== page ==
Since it was the rainy season, the animals were on the prowl for water and food, especially the wildebeests. Beginning each December near the Ngorongoro region, approximately 1.2 million wildebeest trek south to the Serengeti to feed and bear offspring. In May, they attempt to cross the Grumeti River, eventually finding refuge in the Maasai Mara National Reserve in lower Kenya. The zebra follow suit, along with hundreds of thousands of other creatures. 

As we bounced down gravely paths past gnarly, dead trees and across the seemingly endless flat, grasslands punctuated with canopied acacia trees, it quickly became apparent that life on the Serengeti was a game of survival with every creature constantly watching its back, even when eating. When some lions had taken their fill of a slain wildebeest, in came the jackals. Once the jackals left, the vultures arrived, and so on. Nothing is wasted either, including excrement, said Paul, pointing to a male dung beetle rolling a ball of dung, upon which the female rode. “She will lay eggs in the dung and the babies will eat their way out, since the dung contains lots of nutrients,” he told us.

We saw lions mating, female zebras, gazelles and giraffes with their babies, adult lions and cheetahs with battle scars, and bones bleached by the sun. The circle of life wound itself around us. 

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Above: There's nothing more graceful than the cats that patrol the parks.


After the Serengeti, we flew south to the largest national park in the country, Ruaha National Park, a less-explored part of Tanzania and home to leopards, sable, elands and bat eared foxes. Our guide, Festo, met us at the airport and as he drove us toward our lodge, multiple rainbows curved down from the cobalt-blue sky dotted with snow-white clouds. A light rain fell across the reddish dirt road flanked by emerald-green grass and when the sun burst forth, it rendered the landscape so vivid, it seemed almost enhanced in Photoshop.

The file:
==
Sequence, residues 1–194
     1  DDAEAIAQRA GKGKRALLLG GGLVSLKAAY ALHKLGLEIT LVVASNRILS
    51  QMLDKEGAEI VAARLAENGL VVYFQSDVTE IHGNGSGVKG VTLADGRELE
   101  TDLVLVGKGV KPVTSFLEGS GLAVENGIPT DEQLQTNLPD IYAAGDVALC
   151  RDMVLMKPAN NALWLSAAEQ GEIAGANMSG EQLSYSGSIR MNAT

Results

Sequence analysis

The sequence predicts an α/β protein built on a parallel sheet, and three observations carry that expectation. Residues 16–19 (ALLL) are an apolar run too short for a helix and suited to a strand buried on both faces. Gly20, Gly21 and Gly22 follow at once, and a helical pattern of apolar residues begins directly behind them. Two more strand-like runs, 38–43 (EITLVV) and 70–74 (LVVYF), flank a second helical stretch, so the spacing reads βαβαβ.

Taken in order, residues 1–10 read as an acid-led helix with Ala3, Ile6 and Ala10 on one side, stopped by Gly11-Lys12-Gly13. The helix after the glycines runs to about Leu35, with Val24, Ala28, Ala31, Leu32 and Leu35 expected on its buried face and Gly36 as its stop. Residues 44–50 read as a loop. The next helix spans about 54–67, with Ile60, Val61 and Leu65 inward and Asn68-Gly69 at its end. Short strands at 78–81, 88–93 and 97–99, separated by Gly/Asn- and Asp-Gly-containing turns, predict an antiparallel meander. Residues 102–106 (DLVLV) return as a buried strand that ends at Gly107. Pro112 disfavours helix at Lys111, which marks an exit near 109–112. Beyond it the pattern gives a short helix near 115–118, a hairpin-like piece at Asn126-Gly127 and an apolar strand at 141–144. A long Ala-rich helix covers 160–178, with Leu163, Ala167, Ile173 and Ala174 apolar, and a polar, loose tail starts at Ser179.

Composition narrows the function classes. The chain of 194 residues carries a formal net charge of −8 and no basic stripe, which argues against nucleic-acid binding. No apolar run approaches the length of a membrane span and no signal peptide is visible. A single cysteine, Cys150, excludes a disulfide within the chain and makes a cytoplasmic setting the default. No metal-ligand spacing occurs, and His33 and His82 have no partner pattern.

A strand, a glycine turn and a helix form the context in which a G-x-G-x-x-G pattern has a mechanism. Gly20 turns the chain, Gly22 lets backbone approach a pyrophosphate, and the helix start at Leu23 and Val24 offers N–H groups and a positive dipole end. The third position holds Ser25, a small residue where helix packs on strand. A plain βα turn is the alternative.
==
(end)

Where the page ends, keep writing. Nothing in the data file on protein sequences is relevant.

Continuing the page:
Because the Great Ruaha River had all but dried up, many of the animals in Ruaha National Park were in the hills. Nevertheless, we spotted several leopards, elephants, impalas, giraffes and zebras, along with curly-horned kudu and exotic birds, like the southern ground hornbill, black with a red beak a weighing up to eight pounds. We also encountered numerous bugs, including one that resembled giant flying cockroaches, which dive-bombed everyone at dinner one night during our stay at Ikuka Safari Lodge high. 

“They like beer and wine,” said Mark, the lodge’s owner, snickering. Ergo, the pile of white doilies he’d provided to cover our glasses of wine. 

Our final destination was the Selous Game Reserve, where my husband and I were the only guests for three days at Sand Rivers Camp. The Selous is considered one of Tanzania’s wilder areas with the Rufiji River and its lakes serving as its lifeblood. Named after the English explorer, hunter and conservationist, Sir Frederick Selous, who spent much time in southern Africa, the Selous Game Reserve has woodlands, riverine forests, open grasslands and swamps harbouring a dense and diverse variety of wildlife.  

We explored the Rufiji River one day by boat with our guide Hamadi, who steered the metal outboard past groups of hippos and crocodiles. We saw Galago, or bush babies, and families of yellow baboons, appearing uncannily human as they cradled their babies, groomed one another, and scampered over the rocks along the banks of the river.    

Then, came the afternoon of the talking impalas. We had just come to a clearing in a forested area of the reserve, where a male impala stood with his harem. We stopped the Jeep to take pictures and that’s when I heard a high-pitched “hello.” 

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Above: Impalas seem to say 'hello' to visitors and zebras ignore the strangers.


I said, “hello” back. 

Another impala said “hello.” 

I said, “hello,” again and then multiple impala repeated the greeting. The creatures began to gravitate toward the Jeep and face us. 

Within 15 minutes, the male and his entire harem were facing us and saying, “hello.” Our guide, Hamadi, was dumb-struck. 

“I have been guiding for 30 years,” he said, shaking his head, “and I have never heard these animals speak.” The moment was surreal. Magical. No one wanted to leave.

    How to explain such a phenomenon? I have no words. But what I can say is that Tanzania is a unique and special place where one can both commune with nature and the animals in a deeply profound way. 

My husband and I felt privileged to be guests in this home to so many creatures — mating, birthing, surviving and dying.

 The land was shockingly beautiful. The locals memorably warm and welcoming. 

We’d said hello and now it was time to say goodbye. •